GridOS HeartBeat

Oft-needed controls, services and settings, such as Wi-Fi, Bluetooth, Global Search and Volume, are persistent at the top of the screen.

Get deeper into the OS and the ease of use falls off. For instance, setting up and syncing Google accounts mail, contacts and calendar entries isn’t as straightforward as on Android or iOS. The same for setting up a Fusion Garage account. Plus, it’s not immediately clear why users need it.

I also found switching between open apps a pain. You have to go to the Heartbeats screen to find the list of running apps (up in the top left) then tap to go back to the one you want. While this is easier than iOS, Android’s Honeycomb app switcher is superior.

As I used GridOS I found aspects that impressed me, but overall felt that it’s not as solid or easy to use as Android Honeycomb or iOS. It has good elements and a nice UI, but they don’t gel together to create an effortless experience. I can’t imagine that if I handed this to my tweenage niece or to a non-tech journalist friend that they’d be able to understand it quickly.

Then there’s the apps issue. Fusion Garage provides their own versions of the stock apps you’d expect on a tablet, such as Mail/Messaging, Maps, Browser, Notes, and Clock. To get more apps you’ll need to use the Amazon App Store, which doesn’t have as large a selection as the Android Market. And as I mentioned, these apps don’t always play well with the Grid10.

Amazon App Store

If you’re savvy, it is possible to sideload Android apps if they have the APK. However, if very little of the previous sentence even made sense to you, then that’s not very useful, is it?

I get that it’s hard when you’re a company without a big infrastructure to do this apps thing. Many have tried and failed to launch tablets that didn’t have any useful app store attached to it. Fusion Garage is trying to have things both ways by declaring the Grid10 “Not Android” yet taking advantage of a high-profile non-Google app store to make people feel like they’re not missing out.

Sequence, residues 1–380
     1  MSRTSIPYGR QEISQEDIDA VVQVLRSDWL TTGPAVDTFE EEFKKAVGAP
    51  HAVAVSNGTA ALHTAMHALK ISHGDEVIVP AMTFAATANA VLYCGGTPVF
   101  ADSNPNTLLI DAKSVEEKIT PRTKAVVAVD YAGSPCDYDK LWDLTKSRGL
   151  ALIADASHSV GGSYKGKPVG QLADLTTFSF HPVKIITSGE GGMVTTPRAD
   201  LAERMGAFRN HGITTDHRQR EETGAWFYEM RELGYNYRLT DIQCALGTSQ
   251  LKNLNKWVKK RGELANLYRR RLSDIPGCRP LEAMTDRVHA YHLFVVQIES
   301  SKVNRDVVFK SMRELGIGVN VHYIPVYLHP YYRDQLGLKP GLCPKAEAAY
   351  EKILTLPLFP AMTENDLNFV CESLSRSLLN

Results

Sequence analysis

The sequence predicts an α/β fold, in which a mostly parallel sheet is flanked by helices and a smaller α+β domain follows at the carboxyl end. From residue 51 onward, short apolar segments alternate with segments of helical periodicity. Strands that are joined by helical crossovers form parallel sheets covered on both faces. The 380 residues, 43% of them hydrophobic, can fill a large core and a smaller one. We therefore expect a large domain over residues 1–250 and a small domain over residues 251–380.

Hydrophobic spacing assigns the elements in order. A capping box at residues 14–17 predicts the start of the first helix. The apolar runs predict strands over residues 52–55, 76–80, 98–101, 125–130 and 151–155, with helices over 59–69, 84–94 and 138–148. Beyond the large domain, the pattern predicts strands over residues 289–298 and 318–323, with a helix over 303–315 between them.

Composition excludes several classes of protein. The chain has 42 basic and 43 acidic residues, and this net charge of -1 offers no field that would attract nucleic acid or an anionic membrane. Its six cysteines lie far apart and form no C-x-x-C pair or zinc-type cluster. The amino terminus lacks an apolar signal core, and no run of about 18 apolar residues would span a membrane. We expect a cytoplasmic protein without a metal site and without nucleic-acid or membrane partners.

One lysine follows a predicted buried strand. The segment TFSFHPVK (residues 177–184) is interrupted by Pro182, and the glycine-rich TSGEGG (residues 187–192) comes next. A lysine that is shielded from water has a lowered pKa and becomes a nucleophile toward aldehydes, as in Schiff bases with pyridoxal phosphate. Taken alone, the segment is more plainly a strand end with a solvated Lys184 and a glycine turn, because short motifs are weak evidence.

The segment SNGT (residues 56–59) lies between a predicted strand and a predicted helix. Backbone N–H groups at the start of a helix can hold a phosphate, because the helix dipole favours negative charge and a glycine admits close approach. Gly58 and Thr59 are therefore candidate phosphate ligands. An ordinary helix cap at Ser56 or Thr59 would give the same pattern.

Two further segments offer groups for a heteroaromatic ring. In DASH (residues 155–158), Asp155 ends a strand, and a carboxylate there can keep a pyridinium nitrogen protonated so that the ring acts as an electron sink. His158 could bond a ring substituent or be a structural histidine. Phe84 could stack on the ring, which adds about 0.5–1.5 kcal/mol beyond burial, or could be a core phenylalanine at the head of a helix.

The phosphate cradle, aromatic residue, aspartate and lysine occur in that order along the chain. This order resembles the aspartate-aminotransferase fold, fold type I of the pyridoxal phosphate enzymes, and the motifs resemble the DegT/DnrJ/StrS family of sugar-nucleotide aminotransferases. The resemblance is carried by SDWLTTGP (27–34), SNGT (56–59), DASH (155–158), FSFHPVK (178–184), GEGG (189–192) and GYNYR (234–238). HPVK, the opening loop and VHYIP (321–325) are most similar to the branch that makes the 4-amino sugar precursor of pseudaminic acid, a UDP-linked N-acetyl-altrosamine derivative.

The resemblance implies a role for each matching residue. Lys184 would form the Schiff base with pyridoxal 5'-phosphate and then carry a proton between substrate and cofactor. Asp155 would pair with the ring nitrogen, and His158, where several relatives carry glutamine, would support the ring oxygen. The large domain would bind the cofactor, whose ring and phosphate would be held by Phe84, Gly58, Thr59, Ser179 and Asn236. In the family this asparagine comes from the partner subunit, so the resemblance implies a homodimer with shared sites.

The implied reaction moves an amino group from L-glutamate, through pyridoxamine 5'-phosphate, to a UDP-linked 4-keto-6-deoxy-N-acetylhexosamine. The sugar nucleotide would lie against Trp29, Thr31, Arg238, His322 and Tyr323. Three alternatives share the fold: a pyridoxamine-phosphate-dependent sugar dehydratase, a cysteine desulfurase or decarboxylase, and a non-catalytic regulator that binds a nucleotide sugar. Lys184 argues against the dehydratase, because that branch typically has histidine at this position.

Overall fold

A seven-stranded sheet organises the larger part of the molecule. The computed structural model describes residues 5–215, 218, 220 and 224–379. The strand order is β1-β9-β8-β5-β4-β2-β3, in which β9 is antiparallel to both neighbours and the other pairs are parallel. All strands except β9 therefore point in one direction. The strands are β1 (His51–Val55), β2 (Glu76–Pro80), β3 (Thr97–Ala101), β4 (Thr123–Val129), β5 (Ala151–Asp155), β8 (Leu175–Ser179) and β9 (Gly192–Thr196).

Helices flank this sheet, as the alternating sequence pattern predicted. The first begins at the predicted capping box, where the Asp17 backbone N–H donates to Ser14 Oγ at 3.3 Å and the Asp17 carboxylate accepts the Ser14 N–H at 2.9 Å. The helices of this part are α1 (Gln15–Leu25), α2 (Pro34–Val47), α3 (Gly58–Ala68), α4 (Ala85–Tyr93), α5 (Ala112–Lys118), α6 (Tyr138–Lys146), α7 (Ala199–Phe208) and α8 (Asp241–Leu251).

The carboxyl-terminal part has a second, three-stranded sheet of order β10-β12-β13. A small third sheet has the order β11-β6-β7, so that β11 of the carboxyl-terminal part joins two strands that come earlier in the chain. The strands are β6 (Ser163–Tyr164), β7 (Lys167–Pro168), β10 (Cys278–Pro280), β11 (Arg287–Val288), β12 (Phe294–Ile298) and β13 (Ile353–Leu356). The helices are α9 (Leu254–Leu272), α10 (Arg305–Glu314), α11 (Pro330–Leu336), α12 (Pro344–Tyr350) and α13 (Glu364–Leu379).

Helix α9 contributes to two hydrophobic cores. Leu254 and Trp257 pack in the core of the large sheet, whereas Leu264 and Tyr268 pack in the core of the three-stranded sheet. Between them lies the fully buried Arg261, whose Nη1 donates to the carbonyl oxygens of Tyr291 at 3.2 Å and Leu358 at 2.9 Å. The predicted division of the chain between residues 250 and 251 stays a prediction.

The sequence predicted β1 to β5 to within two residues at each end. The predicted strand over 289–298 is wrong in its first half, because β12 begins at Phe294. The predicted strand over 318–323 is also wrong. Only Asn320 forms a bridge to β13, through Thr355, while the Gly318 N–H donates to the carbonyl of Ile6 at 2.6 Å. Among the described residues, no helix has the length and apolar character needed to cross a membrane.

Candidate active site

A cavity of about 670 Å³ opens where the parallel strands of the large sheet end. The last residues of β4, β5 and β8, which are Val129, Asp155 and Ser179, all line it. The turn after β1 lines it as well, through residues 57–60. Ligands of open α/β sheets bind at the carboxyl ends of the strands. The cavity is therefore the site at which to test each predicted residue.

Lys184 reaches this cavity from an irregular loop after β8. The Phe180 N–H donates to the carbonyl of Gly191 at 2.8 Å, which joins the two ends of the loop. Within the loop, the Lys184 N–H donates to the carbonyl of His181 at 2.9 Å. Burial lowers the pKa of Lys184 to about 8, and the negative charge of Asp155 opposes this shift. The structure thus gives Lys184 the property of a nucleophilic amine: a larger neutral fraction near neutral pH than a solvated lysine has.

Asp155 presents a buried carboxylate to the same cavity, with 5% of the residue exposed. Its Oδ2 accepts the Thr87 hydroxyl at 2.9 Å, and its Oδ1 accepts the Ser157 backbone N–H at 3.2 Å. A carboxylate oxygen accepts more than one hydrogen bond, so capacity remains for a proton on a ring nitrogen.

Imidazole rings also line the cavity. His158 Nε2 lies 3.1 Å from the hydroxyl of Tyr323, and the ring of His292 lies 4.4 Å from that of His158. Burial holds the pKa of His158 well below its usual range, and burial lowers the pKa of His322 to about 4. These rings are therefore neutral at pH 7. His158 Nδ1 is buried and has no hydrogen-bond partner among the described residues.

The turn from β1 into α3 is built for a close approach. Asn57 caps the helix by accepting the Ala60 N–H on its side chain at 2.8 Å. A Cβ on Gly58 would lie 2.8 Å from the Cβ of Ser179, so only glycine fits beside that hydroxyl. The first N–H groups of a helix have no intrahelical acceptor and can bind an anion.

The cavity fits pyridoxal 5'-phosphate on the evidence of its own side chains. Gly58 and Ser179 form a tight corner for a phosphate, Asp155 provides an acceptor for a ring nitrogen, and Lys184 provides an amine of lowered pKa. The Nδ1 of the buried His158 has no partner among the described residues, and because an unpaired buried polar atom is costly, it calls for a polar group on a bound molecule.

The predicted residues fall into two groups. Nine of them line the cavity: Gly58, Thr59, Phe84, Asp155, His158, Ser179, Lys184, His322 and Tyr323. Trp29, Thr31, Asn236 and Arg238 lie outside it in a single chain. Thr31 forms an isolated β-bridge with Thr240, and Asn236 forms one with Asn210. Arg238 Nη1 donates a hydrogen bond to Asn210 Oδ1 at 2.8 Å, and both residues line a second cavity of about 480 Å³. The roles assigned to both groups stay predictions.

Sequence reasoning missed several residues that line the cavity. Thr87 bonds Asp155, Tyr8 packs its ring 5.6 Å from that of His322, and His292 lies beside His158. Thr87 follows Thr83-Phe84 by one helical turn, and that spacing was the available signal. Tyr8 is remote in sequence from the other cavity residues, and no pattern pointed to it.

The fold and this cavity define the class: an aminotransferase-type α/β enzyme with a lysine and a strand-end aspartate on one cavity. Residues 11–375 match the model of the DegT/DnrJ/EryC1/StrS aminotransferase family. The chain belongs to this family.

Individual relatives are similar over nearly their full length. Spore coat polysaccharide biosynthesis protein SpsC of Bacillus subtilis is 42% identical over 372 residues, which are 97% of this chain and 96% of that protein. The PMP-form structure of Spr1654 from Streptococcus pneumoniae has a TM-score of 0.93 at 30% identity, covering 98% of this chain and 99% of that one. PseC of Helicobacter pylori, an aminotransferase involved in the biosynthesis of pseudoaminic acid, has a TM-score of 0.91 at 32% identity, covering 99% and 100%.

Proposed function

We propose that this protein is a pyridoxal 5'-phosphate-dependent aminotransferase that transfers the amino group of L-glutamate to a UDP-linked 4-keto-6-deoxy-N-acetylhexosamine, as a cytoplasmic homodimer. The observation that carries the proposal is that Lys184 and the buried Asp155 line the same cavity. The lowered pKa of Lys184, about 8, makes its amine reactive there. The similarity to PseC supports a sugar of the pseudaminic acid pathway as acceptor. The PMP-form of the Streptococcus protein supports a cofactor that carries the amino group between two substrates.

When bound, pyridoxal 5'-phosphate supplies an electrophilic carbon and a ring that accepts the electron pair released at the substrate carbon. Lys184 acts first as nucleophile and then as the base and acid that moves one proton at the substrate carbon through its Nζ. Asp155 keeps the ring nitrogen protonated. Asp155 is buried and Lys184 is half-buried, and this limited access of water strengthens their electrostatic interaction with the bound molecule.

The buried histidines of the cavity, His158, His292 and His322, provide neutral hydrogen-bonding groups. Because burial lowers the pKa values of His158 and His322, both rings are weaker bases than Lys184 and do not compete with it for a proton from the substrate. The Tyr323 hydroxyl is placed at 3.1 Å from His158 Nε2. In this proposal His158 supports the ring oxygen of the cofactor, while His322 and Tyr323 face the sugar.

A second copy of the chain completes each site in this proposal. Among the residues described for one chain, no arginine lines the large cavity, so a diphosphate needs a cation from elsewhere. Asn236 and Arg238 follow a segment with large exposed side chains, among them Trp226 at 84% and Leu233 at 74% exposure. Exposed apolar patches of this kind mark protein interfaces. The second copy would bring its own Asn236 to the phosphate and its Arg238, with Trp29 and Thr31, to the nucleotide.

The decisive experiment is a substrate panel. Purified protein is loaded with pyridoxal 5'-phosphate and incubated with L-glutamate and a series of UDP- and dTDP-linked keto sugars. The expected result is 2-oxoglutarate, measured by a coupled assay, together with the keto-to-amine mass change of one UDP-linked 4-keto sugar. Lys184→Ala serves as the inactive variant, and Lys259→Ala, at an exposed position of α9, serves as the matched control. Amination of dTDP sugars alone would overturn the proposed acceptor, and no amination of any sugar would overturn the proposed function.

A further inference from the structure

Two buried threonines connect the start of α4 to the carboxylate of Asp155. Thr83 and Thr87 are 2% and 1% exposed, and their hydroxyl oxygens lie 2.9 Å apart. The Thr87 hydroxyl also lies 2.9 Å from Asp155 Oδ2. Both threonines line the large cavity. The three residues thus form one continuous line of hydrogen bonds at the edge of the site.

The Bottom Line

Fusion Garage Grid10 tablet

Let’s put aside the software/performance issues for a second. If that wasn’t holding the Grid10 back, would I recommend it to anyone? It’s only $299 — $200 less than the iPad and most Android Honeycomb tablets — nicely designed, has a high resolution display, a nice user interface, and will run many popular apps. Despite these pros, I’m don’t see a big advantage over Android tablets here.

The Grid10 doesn’t do much that the tablet next door can’t. And it has enough drawbacks to give me serious pause. I can’t see it doing well amongst mainstream users, though hard core enthusiasts and tinkerers will probably like fooling around with it.

It’s the type of tablet that can shine if you put enough effort into it. Most consumers don’t want effort, they want easy.

Back to the software thing. It’s good that Fusion Garage plans to push the final software soon. At that time, I will revisit the Grid10to see if the performance improves. But the fact that the company shipped this product to customers when it’s not complete doesn’t bode well.

I hate to bring up old stuff, but this is also the same company whose first tablet failed partially because of stuff like this. It’s not a promising track record.

The Grid10 may evolve over time into a good budget tablet. It has a solid hardware foundation, now it just needs more intuitive software and decent performance. For now, I wouldn’t recommend it. However, once the software update comes through I may revise that assessment.